2. This rejection also compels him to reject the Bridegroom/Bride metaphor only for Song of Songs while affirming it in every other genre.
3. This rejection of Christ typology in Song of Songs transforms the book into a type of Christian porn that has no teaching value for the unmarried, for the widow, or for a child. In Driscoll's hands Song of Songs is no longer a gift given by the Holy Spirit for the building up of the whole church and instead becomes a sex manual of special value to the married.
4. This rejection of Christ typology in Song of Songs of necessity rejects the one place in the Scripture besides the eschatological Wedding Feast of the Lamb in which the marriage between God and His people could be presented in a positive light.
ISSUE ONE: MARK DRISCOLL VS THE WORDS OF CHRIST ABOUT SCRIPTURE
The first and most difficult issue is that if the Song of Songs cannot in any way refer to Christ then Driscoll must account for Jesus' words in John 5:39-47. Jesus declared that the scriptures pointed to Him. In Luke 24:25-27 Jesus is described as explaining the things concerning Himself in Moses and all the prophets and in all the Scriptures. Now if Luke and John testify that Christ said the Scriptures pointed to Him before His death and explained to disciples after resurrection how the Scriptures pointed to Him, then the only way Song of Songs could be omitted from these two statements by Christ about Himself and the Scriptures is if Song of Songs ISN'T SCRIPTURE.
Driscoll can't resort to such a claim because he affirms Song of Songs is canonical. After all, he wouldn't preach the book if it weren't in the Bible. He even mentions in his preaching about the book that Song of Songs has been read at Passover so one could make the case that the association of Song of Songs with Passover even predates Christ Himself. Driscoll, generally, has been eager to say that all Scripture properly understood points to Jesus. As Driscoll is so fond of saying, "It's all about Jesus!"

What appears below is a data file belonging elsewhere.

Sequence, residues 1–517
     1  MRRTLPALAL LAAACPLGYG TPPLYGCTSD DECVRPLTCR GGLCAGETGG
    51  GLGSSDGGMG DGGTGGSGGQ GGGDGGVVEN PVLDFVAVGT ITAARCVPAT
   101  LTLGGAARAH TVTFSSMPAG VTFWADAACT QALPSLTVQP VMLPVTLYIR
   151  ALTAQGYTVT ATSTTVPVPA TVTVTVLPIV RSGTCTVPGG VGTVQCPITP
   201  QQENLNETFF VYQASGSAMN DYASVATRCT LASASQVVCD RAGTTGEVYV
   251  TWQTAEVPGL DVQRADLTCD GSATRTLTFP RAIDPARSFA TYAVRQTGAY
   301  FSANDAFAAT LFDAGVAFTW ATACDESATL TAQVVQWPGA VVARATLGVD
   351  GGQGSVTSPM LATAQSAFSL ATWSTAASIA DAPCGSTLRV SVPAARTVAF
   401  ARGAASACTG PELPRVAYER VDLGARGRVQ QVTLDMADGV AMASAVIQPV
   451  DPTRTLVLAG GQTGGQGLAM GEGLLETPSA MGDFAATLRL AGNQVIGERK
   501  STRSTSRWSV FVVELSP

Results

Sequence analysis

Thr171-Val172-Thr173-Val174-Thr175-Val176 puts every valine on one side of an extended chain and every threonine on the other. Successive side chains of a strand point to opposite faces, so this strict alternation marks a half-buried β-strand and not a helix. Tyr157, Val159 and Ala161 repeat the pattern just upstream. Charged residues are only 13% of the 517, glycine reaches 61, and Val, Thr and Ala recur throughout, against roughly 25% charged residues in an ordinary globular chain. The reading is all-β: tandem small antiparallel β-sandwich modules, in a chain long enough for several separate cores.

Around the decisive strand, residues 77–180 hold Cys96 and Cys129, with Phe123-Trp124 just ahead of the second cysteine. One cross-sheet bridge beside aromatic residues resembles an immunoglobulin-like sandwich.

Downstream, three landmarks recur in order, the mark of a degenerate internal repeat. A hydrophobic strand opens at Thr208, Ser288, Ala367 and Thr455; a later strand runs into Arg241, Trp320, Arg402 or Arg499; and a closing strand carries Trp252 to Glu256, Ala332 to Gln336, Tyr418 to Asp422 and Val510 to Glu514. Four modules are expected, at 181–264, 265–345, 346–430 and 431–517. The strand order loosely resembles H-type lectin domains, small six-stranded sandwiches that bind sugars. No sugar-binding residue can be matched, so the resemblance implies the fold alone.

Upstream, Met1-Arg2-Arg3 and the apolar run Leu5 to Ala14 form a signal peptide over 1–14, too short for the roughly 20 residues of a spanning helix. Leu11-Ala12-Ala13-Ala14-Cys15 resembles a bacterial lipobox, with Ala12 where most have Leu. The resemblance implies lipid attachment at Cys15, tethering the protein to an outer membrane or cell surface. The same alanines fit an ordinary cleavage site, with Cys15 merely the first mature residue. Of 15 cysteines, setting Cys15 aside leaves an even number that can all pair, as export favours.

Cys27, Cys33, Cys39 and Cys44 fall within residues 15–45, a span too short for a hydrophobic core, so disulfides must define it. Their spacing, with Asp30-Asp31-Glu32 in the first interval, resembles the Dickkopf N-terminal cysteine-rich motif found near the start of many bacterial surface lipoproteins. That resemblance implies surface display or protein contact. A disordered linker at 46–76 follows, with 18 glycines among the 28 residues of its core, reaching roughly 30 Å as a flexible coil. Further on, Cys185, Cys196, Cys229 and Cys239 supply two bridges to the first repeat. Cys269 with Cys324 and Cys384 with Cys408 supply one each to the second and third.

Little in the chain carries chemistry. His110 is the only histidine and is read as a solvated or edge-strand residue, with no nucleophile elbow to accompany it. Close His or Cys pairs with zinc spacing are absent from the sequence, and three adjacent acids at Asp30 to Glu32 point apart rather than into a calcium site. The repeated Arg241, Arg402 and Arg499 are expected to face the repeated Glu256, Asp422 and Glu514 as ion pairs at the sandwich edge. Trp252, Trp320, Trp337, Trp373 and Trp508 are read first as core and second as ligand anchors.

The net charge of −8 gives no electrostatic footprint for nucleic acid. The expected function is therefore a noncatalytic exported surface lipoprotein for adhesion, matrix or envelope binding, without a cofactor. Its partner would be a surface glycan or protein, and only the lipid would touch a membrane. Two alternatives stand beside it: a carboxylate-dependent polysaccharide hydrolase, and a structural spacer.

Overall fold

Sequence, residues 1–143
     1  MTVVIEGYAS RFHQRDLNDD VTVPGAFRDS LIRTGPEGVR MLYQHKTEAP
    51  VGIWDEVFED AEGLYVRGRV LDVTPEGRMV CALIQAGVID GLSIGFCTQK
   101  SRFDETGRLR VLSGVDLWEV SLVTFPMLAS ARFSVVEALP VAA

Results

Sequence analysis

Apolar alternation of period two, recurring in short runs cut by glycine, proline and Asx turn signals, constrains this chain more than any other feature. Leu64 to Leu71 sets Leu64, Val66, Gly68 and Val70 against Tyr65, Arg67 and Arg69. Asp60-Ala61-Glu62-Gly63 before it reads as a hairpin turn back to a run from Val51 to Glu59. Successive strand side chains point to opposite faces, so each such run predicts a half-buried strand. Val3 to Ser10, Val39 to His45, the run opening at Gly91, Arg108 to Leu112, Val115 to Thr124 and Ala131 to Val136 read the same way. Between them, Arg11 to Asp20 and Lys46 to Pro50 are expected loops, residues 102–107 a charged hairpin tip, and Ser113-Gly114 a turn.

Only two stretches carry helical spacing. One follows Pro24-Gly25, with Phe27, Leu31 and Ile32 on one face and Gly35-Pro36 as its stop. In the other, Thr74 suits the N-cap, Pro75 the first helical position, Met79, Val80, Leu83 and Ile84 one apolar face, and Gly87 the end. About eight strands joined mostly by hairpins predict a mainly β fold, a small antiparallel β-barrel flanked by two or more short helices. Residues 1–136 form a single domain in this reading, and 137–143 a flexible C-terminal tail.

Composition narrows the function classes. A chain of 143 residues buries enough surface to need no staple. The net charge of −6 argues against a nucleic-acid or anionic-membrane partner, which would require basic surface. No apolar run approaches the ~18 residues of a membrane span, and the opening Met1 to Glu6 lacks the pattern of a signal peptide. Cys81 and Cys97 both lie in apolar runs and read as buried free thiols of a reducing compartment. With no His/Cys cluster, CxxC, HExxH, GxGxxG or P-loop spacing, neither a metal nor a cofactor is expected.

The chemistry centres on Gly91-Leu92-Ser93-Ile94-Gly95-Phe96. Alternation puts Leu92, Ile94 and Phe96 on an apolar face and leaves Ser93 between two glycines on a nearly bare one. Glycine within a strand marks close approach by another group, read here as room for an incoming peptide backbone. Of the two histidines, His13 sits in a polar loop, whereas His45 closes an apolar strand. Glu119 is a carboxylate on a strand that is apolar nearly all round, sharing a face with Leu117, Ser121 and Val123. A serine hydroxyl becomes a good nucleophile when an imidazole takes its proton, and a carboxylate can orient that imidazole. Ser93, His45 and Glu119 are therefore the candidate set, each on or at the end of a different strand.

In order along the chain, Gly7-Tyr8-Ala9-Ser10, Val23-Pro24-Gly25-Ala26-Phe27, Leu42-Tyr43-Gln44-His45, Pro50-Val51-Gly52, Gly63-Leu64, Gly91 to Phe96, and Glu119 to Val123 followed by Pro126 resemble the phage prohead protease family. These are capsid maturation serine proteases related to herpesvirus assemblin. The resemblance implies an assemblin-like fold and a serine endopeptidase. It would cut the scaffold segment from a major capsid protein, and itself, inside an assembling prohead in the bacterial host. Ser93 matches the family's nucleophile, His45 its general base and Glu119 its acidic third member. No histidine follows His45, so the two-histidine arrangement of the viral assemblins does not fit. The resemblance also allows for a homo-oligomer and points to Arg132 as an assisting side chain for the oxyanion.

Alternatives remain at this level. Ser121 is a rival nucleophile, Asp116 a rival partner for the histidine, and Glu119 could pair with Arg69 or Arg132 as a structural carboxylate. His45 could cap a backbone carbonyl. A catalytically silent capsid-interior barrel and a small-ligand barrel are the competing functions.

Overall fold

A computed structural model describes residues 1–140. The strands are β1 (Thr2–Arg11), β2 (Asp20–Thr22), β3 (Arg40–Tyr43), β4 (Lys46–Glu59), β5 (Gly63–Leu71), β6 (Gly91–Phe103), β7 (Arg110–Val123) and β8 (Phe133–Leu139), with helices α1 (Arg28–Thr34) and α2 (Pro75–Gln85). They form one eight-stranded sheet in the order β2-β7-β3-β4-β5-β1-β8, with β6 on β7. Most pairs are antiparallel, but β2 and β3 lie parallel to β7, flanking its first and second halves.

Except for Song of Songs, which has to be about wifely stripteases and holy blowjobs and date nights. In fact Driscoll has joked that if the Groom in Song of Songs is actually Jesus then Jesus is doing things to him (Driscoll) that make him feel uncomfortable. Driscoll has so sexualized the content of Song of Songs in his personal handling of the text he actually CAN'T let himself see the book as a testament to Christ. If this is so then Driscoll testifies against himself about whether or not he believes all Scripture is ultimately all about Jesus.
ISSUE TWO: DRISCOLL VS THE PERSPECUITY OF SCRIPTURE AND CANONICAL METAPHOR
Driscoll notes in his first sermon in the Peasant Princess series that Song of Songs is traditionally read during Passover, and that excerpts of the Song of Songs are sung in public settings. This, he would have us believe, shows that Jews are not as squeamish about sex as many Christians historically have been. Driscoll grants that there are some spots where there can kinda sorta be some typological things about Jesus and the Church in Song of Songs but that this is not primarily what the text is about.